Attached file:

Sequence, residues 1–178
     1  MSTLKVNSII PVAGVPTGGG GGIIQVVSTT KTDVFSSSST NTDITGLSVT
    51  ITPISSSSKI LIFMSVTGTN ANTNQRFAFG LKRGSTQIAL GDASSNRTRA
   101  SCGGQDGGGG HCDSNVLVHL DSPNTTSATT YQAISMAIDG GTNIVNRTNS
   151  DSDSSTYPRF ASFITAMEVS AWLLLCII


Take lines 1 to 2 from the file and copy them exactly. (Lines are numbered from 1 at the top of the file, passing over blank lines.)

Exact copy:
Sequence, residues 1–178
     1  MSTLKVNSII PVAGVPTGGG GGIIQVVSTT KTDVFSSSST NTDITGLSVT